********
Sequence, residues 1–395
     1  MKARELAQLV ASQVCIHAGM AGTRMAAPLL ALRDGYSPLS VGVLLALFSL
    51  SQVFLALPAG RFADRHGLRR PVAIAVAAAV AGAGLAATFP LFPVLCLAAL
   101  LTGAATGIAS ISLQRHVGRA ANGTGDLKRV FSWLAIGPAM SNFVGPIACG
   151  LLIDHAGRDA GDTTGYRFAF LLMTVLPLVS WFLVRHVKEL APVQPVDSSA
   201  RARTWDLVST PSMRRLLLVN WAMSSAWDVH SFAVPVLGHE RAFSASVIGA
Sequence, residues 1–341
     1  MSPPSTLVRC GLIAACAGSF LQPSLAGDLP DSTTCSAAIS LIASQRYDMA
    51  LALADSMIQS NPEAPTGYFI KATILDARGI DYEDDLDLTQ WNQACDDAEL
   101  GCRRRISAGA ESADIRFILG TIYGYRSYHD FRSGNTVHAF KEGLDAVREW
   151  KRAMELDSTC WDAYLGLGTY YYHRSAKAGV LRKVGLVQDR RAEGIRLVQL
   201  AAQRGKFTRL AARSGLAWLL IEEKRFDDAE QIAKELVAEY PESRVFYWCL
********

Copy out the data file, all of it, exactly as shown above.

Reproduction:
Sequence, residues 1–395
     1  MKARELAQLV ASQVCIHAGM AGTRMAAPLL ALRDGYSPLS VGVLLALFSL
    51  SQVFLALPAG RFADRHGLRR PVAIAVAAAV AGAGLAATFP LFPVLCLAAL
   101  LTGAATGIAS ISLQRHVGRA ANGTGDLKRV FSWLAIGPAM SNFVGPIACG
   151  LLIDHAGRDA GDTTGYRFAF LLMTVLPLVS WFLVRHVKEL APVQPVDSSA
   201  RARTWDLVST PSMRRLLLVN WAMSSAWDVH SFAVPVLGHE RAFSASVIGA
Sequence, residues 1–341
     1  MSPPSTLVRC GLIAACAGSF LQPSLAGDLP DSTTCSAAIS LIASQRYDMA
    51  LALADSMIQS NPEAPTGYFI KATILDARGI DYEDDLDLTQ WNQACDDAEL
   101  GCRRRISAGA ESADIRFILG TIYGYRSYHD FRSGNTVHAF KEGLDAVREW
   151  KRAMELDSTC WDAYLGLGTY YYHRSAKAGV LRKVGLVQDR RAEGIRLVQL
   201  AAQRGKFTRL AARSGLAWLL IEEKRFDDAE QIAKELVAEY PESRVFYWCL